The most significant change Klopp has made to the squad he inherited from Brendan Rodgers in mid-October – having eschewed the chance to strengthen in the January transfer window – is the belief he has instilled.
That got them over the line against his former club on a famous night at Anfield and Milner thinks overcoming that considerable hurdle and being just three matches away from winning a trophy, having lost February’s Capital One Cup final to his previous side Manchester City on penalties, is significant.
“It will do a lot. I have said at times this year that I don’t think there is that belief there that the boys believe how good they are,” he said.
“It is a young team and sometimes we struggle for consistency but to beat a team like Dortmund and to come back the way we did and going this far in a major European competition is obviously massive.
“We got to the League Cup final and while we didn’t win we put ourselves in position again. “Hopefully we can get belief from this. if we can beat them we can beat anyone and hopefully we can now go on to win some silverware.
“It was the same when I was at City and we managed to win that first piece of silverware.”
Klopp has a reputation for being a master motivator and he was at his best during the half-time interval.
Trailing 2-0 and with a mountain to climb the German evoked memories of Liverpool’s past by recalling the 2005 Champions League final when they overturned a 3-0 half-time deficit against AC Milan to win a fifth European Cup on penalties.
Milner said: “The manager was brilliant. He was calm. He said, ‘We are not playing too badly. It is a long way back, we have lost the first half but you have nothing to lose, go out and do it’.
“It would have been easy for him to come in effing and blinding but he didn’t.
“He reminded us of a situation where the club has come through a similar situation before.
“He obviously mentioned a certain night in Istanbul and said there have been other great nights in this club’s history from a similar position so go out and see what happens.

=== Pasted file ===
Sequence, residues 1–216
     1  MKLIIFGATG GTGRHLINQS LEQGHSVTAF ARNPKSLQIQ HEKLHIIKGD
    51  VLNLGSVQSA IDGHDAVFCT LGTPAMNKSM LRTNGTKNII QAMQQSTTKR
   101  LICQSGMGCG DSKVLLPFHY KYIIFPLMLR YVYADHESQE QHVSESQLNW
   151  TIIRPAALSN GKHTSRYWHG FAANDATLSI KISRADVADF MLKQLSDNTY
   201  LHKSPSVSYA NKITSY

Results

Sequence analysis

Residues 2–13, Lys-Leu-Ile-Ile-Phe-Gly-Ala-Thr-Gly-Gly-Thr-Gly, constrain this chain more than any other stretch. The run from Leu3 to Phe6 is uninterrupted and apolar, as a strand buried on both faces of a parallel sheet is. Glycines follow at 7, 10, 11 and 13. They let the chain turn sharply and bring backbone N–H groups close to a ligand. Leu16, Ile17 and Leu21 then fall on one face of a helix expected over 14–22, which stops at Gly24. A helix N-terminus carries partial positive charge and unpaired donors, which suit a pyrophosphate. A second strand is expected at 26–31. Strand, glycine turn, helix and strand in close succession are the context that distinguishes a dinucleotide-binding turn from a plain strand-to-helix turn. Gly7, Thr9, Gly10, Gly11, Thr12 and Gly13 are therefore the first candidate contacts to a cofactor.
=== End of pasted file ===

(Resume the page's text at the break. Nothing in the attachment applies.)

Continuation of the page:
“I think it was the perfect atmosphere created at half-time to be honest.”
When the players emerged early for the second half they were greeted with a chorus of You’ll Never Walk Alone from the Kop, and as the tide finally began to turn their way in the closing 25 minutes the ground almost shook to the crowd’s roar.
“The way the fans were when we were driving into the game they deserve that victory,” Milner added.
“The atmosphere especially in the second half when we got the second goal and drove forward means it is difficult for any team to come here.
“When the crowd are like that there are not too many better places in the world to be playing and to be part of a night like that is fantastic.”
With a Champions League place on offer for the winners there is the temptation to put all their focus onto Europe – Liverpool are currently eighth, nine points behind fourth-placed City with a match in hand – but Milner dismissed that.
“We will try to win every game. It is important to try to finish strongly in the league,” he said ahead of Sunday’s trip to Bournemouth.
“The performance was good at the weekend against Stoke (a 4-1 win) and I think that contributed massively to the Dortmund result and gave us the momentum to keep winning games.”